Mariachi band at the Spanish restaurant dressed to be a Mexican restaurant in southern California.

7.) Smile and pretend you’re having a good time – Although you can’t see it on the film, swarms of insects formed under the canopies at head level in this Goa party scene. The film crew burned incense to reduce the numbers.

Lalita and Wickham under the canopies at the Goa beach rave party.

6.) How does a former Miss World look more average?  – Asharwya Rai is a beauty queen, Bollywood movie star, and supermodel. In order to look more like an ordinary Indian girl from the country, she gained twenty pounds for the film and was often dressed in jeans and a casual shirt both to minimize her glamour and portray her as a modern woman.

Aishwarya Rai as a farm girl.

5.) Marriage between a Caucasian and an Indian is not a big deal in India – The director has been approached by numerous people asking why there was no scene between Mr. and Mrs. Bakshi expressing their dismay over their daughter marrying a white man. This question initially surprised her. Although this sentiment does occur in England and America among expatriated Indians, it is not perceived as a problem in India where these types of marriages are common.

Darcy and Lalita wedding day.

4.) Shark in the water…wait, it’s just Wickham – Although the introduction of Johnny Wickham in a scene where he mysteriously emerges from the ocean might seem a little over the top to western audiences, it is a typical entrance for a rival male in a Bollywood film. If it had been “pure” Bollywood, it would have been in slow motion, so normal speed was a concession to western sensibilities.

Johnny Wickham’s entrance in the film.

3.) Ashanti’s musical number – Bollywood films traditionally have one song performed by a musical celebrity they refer to as the “item” number. It often has nothing to do with the plot and is generally a sexy number with a beautiful female star. Ashanti performed the “item song” in Bride and Prejudice, flying into Goa to film for just a couple of days in the middle of a world tour. She was so worried that she would get sick from the food there that she subsisted on instant noodles and microwave popcorn.

Ashanti sings at a rave party in Goa.

2.) Poking at a sore spot – There is a playful verse in the “Marriage has Come to Town” music number that was potentially controversial. The director was repeatedly pressured to cut it from the film but she refused. The lyrics of the verse are:

Fancy pearls and precious stones, imported from far and wide.
We melt and mould and set for our twenty-four carat bride.
Cut, colour, clarity,the best you’ve ever seen.
Only the Kohinoor is better, but you’ll have to ask the queen.

The famous Kohinoor diamond was originally mined in India. Some factions believe that England stole it, while others say it was a gift to Queen Victoria. It is currently one of the British crown jewels and carries a reputation of bringing bad luck to any man who wears it, so it has only been worn by the women of the British royal family.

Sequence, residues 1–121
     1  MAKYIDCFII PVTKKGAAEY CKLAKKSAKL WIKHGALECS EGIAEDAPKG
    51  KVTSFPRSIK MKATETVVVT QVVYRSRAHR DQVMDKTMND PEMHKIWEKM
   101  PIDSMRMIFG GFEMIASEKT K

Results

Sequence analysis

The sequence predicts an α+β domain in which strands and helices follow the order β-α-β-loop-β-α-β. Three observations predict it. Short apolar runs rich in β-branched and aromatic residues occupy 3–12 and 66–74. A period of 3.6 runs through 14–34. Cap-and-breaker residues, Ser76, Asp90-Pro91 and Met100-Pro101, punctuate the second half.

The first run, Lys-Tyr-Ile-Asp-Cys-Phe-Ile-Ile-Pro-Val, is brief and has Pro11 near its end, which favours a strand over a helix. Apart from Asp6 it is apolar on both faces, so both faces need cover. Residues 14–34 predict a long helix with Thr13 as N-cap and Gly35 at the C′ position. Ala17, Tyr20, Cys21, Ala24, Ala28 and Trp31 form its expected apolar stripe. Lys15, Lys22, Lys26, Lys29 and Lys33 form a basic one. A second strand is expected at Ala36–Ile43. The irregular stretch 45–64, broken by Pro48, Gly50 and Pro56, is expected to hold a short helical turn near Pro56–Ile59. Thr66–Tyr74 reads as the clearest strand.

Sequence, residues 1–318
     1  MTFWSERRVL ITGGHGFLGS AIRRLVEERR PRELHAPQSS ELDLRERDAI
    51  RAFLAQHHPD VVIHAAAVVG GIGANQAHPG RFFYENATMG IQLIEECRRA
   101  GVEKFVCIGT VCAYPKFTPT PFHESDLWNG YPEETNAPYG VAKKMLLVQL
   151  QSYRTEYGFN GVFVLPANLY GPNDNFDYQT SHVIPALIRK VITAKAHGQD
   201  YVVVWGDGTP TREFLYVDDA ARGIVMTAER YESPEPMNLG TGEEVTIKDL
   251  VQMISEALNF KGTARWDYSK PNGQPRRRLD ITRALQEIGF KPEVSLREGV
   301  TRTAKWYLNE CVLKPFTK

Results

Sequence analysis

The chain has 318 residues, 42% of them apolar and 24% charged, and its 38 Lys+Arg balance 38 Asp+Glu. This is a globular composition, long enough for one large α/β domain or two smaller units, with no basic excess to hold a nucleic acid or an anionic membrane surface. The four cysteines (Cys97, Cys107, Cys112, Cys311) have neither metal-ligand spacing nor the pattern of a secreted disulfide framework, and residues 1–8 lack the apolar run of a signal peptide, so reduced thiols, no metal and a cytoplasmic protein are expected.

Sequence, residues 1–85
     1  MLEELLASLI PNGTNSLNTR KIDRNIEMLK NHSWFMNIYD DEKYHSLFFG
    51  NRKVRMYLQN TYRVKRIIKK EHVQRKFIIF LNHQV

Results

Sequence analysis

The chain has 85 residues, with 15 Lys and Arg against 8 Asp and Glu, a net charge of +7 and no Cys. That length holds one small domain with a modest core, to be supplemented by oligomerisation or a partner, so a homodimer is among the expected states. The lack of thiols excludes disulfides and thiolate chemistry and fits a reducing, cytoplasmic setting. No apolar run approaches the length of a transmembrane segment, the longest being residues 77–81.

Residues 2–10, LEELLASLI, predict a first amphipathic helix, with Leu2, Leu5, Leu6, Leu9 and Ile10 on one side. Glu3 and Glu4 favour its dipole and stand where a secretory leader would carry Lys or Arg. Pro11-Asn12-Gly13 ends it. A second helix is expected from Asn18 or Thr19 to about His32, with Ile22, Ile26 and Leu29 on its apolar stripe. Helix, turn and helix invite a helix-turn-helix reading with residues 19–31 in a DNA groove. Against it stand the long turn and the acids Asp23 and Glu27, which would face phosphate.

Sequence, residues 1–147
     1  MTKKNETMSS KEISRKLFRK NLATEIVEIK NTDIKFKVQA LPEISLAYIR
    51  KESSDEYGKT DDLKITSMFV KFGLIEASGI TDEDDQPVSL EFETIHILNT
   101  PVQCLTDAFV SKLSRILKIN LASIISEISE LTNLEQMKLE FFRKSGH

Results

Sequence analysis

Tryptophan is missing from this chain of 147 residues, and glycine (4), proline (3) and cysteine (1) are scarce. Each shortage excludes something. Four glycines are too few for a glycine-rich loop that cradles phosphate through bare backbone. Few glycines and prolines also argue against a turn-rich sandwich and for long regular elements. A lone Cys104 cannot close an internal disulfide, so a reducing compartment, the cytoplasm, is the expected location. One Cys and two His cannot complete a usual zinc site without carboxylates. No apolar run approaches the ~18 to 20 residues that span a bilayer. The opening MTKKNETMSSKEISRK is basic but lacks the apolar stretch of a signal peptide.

Lalita doing a queenly wave. Inset: Elizabeth II in her coronation crown. The Kohinoor diamond is the enormous white jewel placed in the center, above the ermine.

1.) Culture clash begins in casting – The cast members for each of the three countries represented in the film were residing and working in the nation their character is from. This created not just the sense of a culture clash we see in the film but also created cultural tension among the mixed cast and crew on set, which did carry over into the first scenes that were filmed.

Three cultures come together in Darcy, Balraj, and Lalita.

This “Bollywood meets Hollywood” film adaptation of Pride and Prejudice has been such fun to explore. How did you do on this trivia challenge? Did you learn anything new today? I look forward to reading your comments.

Answers: 1. Instant noodles and microwave popcorn, 2. Balraj, played by Naveen Andrews 3. Grease 4. King Edward III and Wallis Simpson, before he abdicated the throne, 5. They hired the extras who looked like they were having fun in an impromptu dance. 6. Gained 20 pounds 7. Clapham district in London, England. 8. Swarms of insects that gathered under the canopies. 9. The Kohinoor diamond, which was found in India but is in possession of the Queen of England. 10. Culture differences between India, England, and America.

*Aishwarya Rai married in 2007. Her married name is Aishwarya Rai Bachchan.

10 Responses to Bride and Prejudice (2004) Trivia Challenge

    • I’m glad you enjoyed the post. It was fun to research this film. The commentary is embedded as a special feature on the DVD copy I purchased. The option is to listen to the commentary as the primary audio track during the film with the regular audio playing at a reduced volume. I wouldn’t know how to share it even if there weren’t copyright restrictions. You might check with your local library system to see if they have a copy of the DVD you can check-out, or see if one of your friends might have a copy that you can borrow. Thanks for commenting. 🙂

    • I love musicals as well, and I bought the DVD as soon as I could for that very reason. I agree – a musical version was much needed. I would love to see a musical production as a Regency adaptation on screen too, now that musicals are coming back into “style” in the film-making world.

  1. This was fun and I learned so much. I love the movie and will search for one of its rare appearances on television again. Thanks for all your research.

  2. It’s been such a long time since I’ve seen this movie and I never saw the dvd commentary so I did not do so well with this quiz. Thanks for sharing, I guess it’s time for a re-watch.

    • Thanks for commenting, darcybennet. It says good things about you that you tried the quiz at all, in spite of it being a less familiar work and with low expectations of knowing the answer. I enjoy this film more every time I see it. Occasional re-watches are a great pleasure!

  3. I don’t remember the DVD commentary as I have had this DVD for so long. I will have to go back and watch it again. I do love the movie, especially the opening dance number with Naveen. Thanks for sharing.